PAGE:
Ride for Roy

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Marty Perlmutter, right, shares a laugh with fellow rider Diane Sawyer, left, and coach Tom Holland during his 1,400-mile bike trek up the east coast.

Florida man completes 1,400-mile bike trek in memory of good friend from Hayden

In 17 days, Marty Perlmutter biked 1,400 miles and went through 13 states.

He pedaled in rain and heat, dark and light. He powered along highways as cars whizzed past, up monster hills, along endless straight-aways. He kept going when his legs were tired, when he was covered in dirt and sweat, when he would rather have stopped.

He knows what drove him on.

Or rather, who.

Roy Gross.

“He was, without question, my best bud,” Perlmutter said.

On Tuesday, the Kendall, Fla., man wrapped up his journey that took him on two wheels from Jacksonville, Fla., to Kittery, Maine, a little weary, but a whole lot elated, too.

Perlmutter dedicated the ride, “Cure for Cancer,” to Gross, who died at age 59 in March after being diagnosed with stage four multiple myeloma last June. His goal was to raise $20,000 for the Multiple Myeloma Research Foundation, a private funder of myeloma research.

“It’s hard to put into words some of the things we’ve done together and what he’s meant to me over the years,” the 61-year-old business man said.

Alicia O’Neill, spokeswoman with, MMRF Endurance Events Program, tracked Perlmutter’s progress and promoted his ride. She said the foundation is the No. 1 funder for research of “this little known cancer.”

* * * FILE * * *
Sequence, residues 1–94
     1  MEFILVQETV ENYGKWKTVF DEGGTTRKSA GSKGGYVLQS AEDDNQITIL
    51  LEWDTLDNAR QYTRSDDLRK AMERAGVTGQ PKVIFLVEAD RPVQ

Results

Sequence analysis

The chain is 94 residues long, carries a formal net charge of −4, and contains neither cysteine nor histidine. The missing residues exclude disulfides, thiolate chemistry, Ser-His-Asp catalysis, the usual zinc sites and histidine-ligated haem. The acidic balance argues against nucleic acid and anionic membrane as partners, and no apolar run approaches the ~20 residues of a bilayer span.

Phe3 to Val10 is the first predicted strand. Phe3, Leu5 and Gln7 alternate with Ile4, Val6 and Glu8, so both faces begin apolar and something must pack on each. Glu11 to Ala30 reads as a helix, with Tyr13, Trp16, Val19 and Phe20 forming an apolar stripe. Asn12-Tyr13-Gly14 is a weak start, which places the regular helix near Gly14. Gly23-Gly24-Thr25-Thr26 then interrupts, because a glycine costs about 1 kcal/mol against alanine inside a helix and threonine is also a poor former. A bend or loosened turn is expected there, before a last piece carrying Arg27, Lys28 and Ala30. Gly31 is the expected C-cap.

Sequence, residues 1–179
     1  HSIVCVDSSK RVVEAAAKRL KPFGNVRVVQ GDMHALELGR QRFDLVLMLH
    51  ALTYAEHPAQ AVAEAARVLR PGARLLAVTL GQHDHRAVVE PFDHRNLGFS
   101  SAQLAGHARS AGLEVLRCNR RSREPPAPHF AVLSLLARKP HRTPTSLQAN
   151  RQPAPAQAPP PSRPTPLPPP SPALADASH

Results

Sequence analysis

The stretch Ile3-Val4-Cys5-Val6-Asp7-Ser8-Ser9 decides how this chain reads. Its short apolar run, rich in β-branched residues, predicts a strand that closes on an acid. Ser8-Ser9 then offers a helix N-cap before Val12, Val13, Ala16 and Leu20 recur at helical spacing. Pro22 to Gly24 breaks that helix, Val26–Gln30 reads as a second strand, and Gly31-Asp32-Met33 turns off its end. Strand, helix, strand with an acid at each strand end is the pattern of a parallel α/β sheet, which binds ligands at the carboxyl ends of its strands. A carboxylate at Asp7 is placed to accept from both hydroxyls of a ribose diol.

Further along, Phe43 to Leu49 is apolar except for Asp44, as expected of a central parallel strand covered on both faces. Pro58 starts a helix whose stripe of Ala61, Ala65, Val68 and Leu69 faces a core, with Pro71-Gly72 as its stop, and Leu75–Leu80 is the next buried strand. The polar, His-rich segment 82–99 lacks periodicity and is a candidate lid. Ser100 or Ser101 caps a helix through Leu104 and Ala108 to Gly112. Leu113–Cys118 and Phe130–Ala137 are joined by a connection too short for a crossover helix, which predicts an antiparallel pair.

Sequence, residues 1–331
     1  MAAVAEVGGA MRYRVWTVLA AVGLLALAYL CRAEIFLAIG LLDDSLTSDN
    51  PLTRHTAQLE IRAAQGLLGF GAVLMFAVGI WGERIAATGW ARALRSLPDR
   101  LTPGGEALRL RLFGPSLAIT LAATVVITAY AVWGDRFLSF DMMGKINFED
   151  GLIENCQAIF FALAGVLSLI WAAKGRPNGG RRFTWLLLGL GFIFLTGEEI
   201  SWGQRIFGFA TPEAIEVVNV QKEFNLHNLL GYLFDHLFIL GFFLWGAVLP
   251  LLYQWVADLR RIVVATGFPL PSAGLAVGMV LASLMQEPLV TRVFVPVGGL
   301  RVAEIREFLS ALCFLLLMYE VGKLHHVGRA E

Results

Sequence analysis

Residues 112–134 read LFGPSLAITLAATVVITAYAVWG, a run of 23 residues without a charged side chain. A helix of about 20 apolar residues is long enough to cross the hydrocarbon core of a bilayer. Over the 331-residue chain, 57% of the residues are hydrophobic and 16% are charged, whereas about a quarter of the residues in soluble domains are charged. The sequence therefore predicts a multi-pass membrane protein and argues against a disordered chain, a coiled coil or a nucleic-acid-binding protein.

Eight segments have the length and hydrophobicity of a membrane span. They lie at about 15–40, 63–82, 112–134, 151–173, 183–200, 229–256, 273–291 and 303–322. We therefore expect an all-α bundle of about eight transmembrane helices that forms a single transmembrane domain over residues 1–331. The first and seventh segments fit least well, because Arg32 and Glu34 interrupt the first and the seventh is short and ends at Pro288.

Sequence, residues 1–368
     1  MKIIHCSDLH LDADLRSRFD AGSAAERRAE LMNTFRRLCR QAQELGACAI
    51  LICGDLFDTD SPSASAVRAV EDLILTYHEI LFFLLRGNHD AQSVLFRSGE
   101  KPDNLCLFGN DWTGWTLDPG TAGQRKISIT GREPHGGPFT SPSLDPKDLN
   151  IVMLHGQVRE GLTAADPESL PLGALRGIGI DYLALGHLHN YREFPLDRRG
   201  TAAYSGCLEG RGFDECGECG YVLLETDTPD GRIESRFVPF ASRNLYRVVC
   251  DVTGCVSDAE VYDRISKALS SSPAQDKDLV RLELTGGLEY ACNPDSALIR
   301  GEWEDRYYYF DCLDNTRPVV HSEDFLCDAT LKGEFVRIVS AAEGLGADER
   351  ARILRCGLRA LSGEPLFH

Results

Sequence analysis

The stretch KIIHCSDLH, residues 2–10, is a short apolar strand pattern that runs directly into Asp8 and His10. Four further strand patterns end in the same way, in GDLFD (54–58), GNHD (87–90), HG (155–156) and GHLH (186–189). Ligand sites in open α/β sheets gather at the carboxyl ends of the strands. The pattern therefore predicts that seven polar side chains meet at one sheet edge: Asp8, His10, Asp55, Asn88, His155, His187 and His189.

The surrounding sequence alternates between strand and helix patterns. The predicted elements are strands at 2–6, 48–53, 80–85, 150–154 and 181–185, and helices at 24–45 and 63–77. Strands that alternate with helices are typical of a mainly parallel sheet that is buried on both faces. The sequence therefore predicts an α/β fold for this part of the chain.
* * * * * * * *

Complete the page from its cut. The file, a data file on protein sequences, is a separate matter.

Multiple myeloma is an incurable blood cancer, and it is the second-most-common blood cancer, she said.

Watching Perlmutter’s effort was encouraging.

“This friendship they have, it’s so inspiring,” she said. “They really had a very special friendship.”

They did, said Pam Gross, Roy’s wife. She said the two men shared “an epic friendship” of more than 30 years.

Roy and Marty met in 1985 in Miami, where Perlmutter owned a service station, and Roy and Pam often stopped in at the business on South Dixie Highway.

Over the years, the couples vacationed together, traveled together, skied together and shared dinners together. Even when one couple moved to Idaho and the other stayed in Florida, their friendship endured.

“We traveled all over the place together,” Marty said.

Pam recalls one of the first times they arrived at the Marty and Bobbie Perlmutter home, and Marty came to the door wearing pink piggy slippers.

“That is when I knew I would love this guy,” she said, laughing.

Through it all, Marty and Roy formed a bond marked by belly-busting bouts of laughter and grins.

“These two guys pranked each other at every occasion,” Pam said.

They nicknamed each other “Putz” (Roy) and “Moron” (Marty) after the two characters in the 1993 movie, “Grumpy Old Men,” starring Jack Lemmon and Walter Matthau.

And they loved practical jokes.

There was the time, for instance, Roy stuffed Marty’s ski boots with tissue paper.

And then, there’s that birthday card that went back and forth between the men, after Roy and Pam moved to Hayden in 1992.